Lyapunov and chaos theory
Name: jcolombe
Status: N/A
Age: N/A
Location: N/A
Country: N/A
Date: Around 1995
Question:
I am trying to understand a little more about chaos theory than Gleick wrote
about. Can someone explain Lyapunov analysis of stability? Lyapunov
exponents? If I have the output of a system through time, can I guess at
how convergent its behavior is (i.e. how "unchaotic", and thus how chaotic)?
I am trying to hack through Nemytski's "Qualitative Theory of Differential
Equations" but it reads like Greek.
By the way, I am a computational neurobiologist in search of what NOVELTY
looks like to a dynamic system like the brain. For that matter, what does
FAMILIARITY look like? I think it has got something provocative to do with
chaos!
Replies:
Try the book: Chaotic and Fractal Dynamics by F. C. Moon, published by John
Wiley & Sons, 1992.
hawley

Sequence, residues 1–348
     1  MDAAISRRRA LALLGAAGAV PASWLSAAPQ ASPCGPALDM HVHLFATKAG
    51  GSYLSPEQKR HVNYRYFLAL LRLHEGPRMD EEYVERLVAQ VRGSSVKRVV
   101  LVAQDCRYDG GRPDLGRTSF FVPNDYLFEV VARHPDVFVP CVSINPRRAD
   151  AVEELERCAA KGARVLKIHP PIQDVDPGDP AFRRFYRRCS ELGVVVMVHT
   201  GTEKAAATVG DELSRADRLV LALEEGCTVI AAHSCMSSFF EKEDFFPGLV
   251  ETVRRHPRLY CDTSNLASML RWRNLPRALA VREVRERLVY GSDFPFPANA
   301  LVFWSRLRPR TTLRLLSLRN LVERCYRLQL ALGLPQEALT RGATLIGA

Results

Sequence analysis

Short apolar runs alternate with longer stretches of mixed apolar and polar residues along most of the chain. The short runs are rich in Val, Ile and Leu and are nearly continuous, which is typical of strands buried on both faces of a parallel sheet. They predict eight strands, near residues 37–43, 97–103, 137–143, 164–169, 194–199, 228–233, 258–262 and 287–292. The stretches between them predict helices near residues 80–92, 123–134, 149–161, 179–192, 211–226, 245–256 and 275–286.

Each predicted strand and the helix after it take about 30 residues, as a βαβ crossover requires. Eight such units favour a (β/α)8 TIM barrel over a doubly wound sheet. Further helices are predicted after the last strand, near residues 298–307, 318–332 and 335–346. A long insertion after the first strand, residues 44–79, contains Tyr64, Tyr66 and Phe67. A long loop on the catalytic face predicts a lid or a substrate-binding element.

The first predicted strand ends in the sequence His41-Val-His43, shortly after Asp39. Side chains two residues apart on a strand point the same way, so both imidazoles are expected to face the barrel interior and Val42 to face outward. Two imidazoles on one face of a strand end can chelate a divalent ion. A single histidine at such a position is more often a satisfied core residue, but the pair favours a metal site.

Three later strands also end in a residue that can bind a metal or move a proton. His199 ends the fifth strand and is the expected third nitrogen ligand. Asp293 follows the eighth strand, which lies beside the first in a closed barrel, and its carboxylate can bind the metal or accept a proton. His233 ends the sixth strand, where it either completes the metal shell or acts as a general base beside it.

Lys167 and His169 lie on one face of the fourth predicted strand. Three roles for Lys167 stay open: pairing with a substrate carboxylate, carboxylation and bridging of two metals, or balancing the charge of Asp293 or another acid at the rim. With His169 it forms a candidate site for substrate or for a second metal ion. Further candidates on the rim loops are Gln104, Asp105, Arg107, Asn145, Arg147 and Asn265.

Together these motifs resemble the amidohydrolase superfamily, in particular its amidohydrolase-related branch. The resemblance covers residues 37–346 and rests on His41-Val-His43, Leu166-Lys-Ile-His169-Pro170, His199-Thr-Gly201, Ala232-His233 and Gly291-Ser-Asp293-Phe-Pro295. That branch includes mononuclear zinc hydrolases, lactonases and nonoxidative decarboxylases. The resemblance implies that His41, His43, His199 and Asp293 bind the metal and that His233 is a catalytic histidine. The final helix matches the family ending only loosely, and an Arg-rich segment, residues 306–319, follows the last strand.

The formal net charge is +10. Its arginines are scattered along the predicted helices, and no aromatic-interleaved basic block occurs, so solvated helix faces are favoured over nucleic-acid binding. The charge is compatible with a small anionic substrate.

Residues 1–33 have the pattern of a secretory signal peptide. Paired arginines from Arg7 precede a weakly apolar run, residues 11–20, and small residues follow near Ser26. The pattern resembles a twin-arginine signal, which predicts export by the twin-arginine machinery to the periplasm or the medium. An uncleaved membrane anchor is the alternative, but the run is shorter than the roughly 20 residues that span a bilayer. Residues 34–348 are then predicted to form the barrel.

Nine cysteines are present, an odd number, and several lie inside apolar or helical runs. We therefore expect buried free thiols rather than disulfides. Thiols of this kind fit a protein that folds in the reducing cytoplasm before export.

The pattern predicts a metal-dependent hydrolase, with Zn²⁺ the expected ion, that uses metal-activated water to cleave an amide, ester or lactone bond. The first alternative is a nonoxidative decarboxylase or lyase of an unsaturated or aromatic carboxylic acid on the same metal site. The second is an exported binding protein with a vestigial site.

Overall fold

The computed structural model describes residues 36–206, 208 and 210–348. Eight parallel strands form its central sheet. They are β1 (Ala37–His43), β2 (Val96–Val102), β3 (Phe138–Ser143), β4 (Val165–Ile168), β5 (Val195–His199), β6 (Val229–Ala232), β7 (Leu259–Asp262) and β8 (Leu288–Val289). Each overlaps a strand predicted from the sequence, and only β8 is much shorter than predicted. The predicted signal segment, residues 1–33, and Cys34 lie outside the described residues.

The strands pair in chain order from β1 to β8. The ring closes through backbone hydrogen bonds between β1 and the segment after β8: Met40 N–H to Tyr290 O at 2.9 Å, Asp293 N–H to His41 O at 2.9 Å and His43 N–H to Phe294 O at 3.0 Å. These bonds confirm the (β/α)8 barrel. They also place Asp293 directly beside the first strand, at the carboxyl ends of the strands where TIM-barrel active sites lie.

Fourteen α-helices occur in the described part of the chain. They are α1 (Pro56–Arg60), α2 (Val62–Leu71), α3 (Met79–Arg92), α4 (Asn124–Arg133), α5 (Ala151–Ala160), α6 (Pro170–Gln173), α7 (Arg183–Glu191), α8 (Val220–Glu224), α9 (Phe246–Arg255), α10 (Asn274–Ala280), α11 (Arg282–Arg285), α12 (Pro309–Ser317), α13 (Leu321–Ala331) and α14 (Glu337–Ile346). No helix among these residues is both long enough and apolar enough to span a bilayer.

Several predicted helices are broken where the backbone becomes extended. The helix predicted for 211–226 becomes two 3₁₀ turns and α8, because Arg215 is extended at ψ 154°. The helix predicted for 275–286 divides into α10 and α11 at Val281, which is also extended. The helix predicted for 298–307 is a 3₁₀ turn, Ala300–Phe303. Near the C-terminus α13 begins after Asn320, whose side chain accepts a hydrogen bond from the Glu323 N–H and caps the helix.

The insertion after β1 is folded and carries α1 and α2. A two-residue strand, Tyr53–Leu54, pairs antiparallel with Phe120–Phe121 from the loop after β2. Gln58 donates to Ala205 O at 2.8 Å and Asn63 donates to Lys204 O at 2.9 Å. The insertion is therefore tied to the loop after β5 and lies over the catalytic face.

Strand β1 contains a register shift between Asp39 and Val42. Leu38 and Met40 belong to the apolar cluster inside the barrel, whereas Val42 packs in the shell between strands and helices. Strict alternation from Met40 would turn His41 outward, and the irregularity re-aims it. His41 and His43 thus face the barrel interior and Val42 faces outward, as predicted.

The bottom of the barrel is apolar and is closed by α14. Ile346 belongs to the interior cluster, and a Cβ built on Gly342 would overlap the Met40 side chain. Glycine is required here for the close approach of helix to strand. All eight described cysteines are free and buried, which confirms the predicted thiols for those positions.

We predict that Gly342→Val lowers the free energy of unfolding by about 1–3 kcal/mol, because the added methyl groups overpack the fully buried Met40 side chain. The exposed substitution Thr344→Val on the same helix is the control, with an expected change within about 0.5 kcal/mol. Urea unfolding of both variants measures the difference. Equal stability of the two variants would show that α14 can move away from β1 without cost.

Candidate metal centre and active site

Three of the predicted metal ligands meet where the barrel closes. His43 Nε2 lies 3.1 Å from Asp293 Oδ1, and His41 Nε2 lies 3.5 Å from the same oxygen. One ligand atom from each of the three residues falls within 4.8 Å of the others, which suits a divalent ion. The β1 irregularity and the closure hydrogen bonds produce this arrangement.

Computational neurobiology. Wow! Sounds exciting! To actually answer the
question though, suppose you have a chaotic (or otherwise) system that is
described by some set of coordinates we can label by the single symbol x.
The system evolves in time in some way  the most common fashion is with
discrete time steps, so x > x' > x" etc., but continuous time works
just as well (changes the meaning of exponents though). In the discrete
time case, suppose we start with two points x1 and x2, a "distance" d
apart (normally d = square root of sum of squares of differences in x1 and
x2, but could be any meaningful measure of distance). Then evolving forward
in time, x1 > x1' > x1" . . . and x2 > x2' > x2" . . . after n
steps, measure the difference between x2(n) and x1(n) and produce a distance
d(n). If the distance d(n) grows geometrically like d(0) e^lambda n, then
the system has a positive Lyapunov exponent lambda. If d(n) shrinks with
time like d(0) e^lambda n, then the Lyapunov exponent lambda is negative.
The bigger lambda is the more chaotic (in the positive case) or unchaotic
(in the negative case).
asmith
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Update: June 2012